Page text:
Watch out – higher interest rates are on the way

As America's economy picks up, we can expect monetary policy to get tighter. That means higher interest rates – and bad news for the markets. John Stepek explains why.


Janet Yellen: following the Greenspan way

The US jobs market is picking up another 288,000 people were in work by the end of June.

Like all economic statistics, these numbers are fiddled and diddled and revised dozens of times in the future.But for now, the trend is pretty clear the US employment picture is improving significantly.

That means all else being equal we can expect monetary policy to keep getting tighter.

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And that could be a very big deal for complacent markets.

The return of the maestro

Yellen has already made it clear that she doesn't believe the market is in a bubble just now. And even if she did, she doesn't believe in popping asset bubbles with the blunt tool of interest rate policy.

That's the Greenspan way. Pretend that it's impossible to see the bubbles inflating in front of your face. Then, when they pop, clean up the mess by blowing up another bubble in some other asset class.

You can see why the market likes her so much.

Trouble is, this desire to keep rates pinned at near-zero percent is getting ever trickier to justify. Jobs data is picking up. Inflation is rising too. As James Mackintosh points out in the FT, "if prices keep rising as they have for the past three months, the annual rate would be more than 3%".

At some point, even Yellen is going to have to throw in the towel and accept that the money-printing has to stop and that rates may just have to rise. Regardless of how fragile she fears the underlying economy might be, it can't run on emergency monetary policy forever.

The Fed is already behind the curve'

In fact, the reality is that the Fed is already behind the curve. Objectively measured using the cyclically-adjusted price/earnings (Cape) ratio, the US stock market is very expensive. In the past, we've only seen it get this expensive ahead of a crash.

If you buy a market when it's expensive, history suggests that you can expect very low (or sometimes even negative) long-term returns. So for now at least, the one thing that just about justifies it being at these levels is the fact that interest rates are near zero.

That has left investors willing to accept very low likely future returns because they can't expect to get anything better from anywhere else.

But if the Fed or the market (in the form of rising Treasury yields) starts to raise interest rates, then other assets become more attractive. Stocks will have to offer higher returns in order to compete.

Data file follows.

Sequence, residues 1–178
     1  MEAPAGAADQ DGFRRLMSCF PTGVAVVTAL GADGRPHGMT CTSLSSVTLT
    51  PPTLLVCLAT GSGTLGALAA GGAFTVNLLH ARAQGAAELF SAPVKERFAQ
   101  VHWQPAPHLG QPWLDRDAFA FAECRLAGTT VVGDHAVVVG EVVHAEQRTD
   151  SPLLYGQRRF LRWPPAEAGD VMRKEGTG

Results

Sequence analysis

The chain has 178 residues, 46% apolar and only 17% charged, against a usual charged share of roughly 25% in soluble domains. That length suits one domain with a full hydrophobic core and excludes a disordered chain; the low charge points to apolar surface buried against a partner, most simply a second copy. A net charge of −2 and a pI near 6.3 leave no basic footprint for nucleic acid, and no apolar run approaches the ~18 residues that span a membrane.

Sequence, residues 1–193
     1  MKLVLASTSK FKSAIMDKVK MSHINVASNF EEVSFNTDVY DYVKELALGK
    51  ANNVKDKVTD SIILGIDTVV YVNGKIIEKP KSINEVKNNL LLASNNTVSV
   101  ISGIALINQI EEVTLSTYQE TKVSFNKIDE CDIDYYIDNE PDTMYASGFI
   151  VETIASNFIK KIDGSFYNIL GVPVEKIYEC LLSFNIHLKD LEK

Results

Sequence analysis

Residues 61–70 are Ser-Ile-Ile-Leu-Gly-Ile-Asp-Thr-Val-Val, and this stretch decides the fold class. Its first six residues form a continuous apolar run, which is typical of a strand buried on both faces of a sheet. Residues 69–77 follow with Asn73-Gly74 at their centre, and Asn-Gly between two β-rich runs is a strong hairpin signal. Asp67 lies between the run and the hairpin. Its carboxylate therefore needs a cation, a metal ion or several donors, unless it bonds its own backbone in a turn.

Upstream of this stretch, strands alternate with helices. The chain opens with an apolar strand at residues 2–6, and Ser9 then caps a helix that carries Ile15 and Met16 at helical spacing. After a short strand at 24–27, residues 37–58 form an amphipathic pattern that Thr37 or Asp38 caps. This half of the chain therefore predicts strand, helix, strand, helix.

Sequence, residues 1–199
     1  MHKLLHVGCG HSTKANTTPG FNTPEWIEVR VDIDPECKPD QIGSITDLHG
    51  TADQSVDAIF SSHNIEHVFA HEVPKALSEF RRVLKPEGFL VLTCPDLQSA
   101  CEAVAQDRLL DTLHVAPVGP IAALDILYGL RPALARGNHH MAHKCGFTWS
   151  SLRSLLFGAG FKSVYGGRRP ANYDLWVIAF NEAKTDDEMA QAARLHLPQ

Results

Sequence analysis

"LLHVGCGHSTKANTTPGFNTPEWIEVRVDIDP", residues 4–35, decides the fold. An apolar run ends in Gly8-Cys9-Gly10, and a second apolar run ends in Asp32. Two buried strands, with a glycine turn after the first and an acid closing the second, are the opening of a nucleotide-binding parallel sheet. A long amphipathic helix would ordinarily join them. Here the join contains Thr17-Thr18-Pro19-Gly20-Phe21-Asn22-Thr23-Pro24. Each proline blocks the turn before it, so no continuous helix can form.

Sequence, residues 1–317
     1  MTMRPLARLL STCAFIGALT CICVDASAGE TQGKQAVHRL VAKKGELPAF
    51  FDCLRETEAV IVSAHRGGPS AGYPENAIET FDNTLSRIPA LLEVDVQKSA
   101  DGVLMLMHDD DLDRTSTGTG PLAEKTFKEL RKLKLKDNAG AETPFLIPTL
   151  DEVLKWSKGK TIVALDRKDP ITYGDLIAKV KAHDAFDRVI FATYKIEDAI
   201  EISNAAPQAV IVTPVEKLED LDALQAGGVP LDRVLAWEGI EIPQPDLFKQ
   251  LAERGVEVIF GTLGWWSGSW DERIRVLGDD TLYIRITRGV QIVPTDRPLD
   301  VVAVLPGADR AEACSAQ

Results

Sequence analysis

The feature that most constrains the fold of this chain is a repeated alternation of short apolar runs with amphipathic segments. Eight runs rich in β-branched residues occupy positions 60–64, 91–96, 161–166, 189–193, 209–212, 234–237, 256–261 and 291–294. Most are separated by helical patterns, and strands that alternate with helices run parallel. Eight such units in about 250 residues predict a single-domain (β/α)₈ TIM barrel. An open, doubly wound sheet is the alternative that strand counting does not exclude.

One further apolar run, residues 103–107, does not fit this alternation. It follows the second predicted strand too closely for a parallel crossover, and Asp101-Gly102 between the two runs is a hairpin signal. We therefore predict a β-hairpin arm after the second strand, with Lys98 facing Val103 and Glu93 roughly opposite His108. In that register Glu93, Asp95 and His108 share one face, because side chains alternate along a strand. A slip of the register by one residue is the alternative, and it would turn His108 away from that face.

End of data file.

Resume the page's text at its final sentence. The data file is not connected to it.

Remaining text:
They might be able to do that if the economy is recovering, but at current prices, it would take a big jump in earnings for prices to start looking reasonable again. And given that corporate profit margins are already historically high, it's hard to believe that profits can improve dramatically.

For now, the market is still assuming that the Fed will do all it can to keep rates low for as long as possible. It's a reasonable assumption but the risk you take for betting on that assumption grows higher every day that the market keeps rising.

So I'd be avoiding the US stock market. I'd stick with better value markets like Japan. I'd also be very wary of bonds. Tighter monetary policy could well be toxic for conventional bonds (their prices will fall as the fixed coupon payment they offer becomes less attractive).

But it's probably worth getting some exposure to the US dollar if you don't already have some. You don't have to do anything complicated many of the FTSE 100's blue-chip stocks have heavy exposure to the US, meaning that a stronger dollar results in improved results when converted back into sterling.

We look at some ideas for what to put into your portfolio right now in my colleague Ed's cover story on the new Isa, in this week's MoneyWeek magazine. If you're not already a subscriber, you can get your first four issues free here.

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John Stepek

John is the executive editor of MoneyWeek and writes our daily investment email, Money Morning. John graduated from Strathclyde University with a degree in psychology in 1996 and has always been fascinated by the gap between the way the market works in theory and the way it works in practice, and by how our deep-rooted instincts work against our best interests as investors.

He started out in journalism by writing articles about the specific business challenges facing family firms. In 2003, he took a job on the finance desk of Teletext, where he spent two years covering the markets and breaking financial news. John joined MoneyWeek in 2005.

His work has been published in Families in Business, Shares magazine, Spear's Magazine, The Sunday Times, and The Spectator among others. He has also appeared as an expert commentator on BBC Radio 4's Today programme, BBC Radio Scotland, Newsnight, Daily Politics and Bloomberg. His first book, on contrarian investing, The Sceptical Investor, was released in March 2019. You can follow John on Twitter at @john_stepek.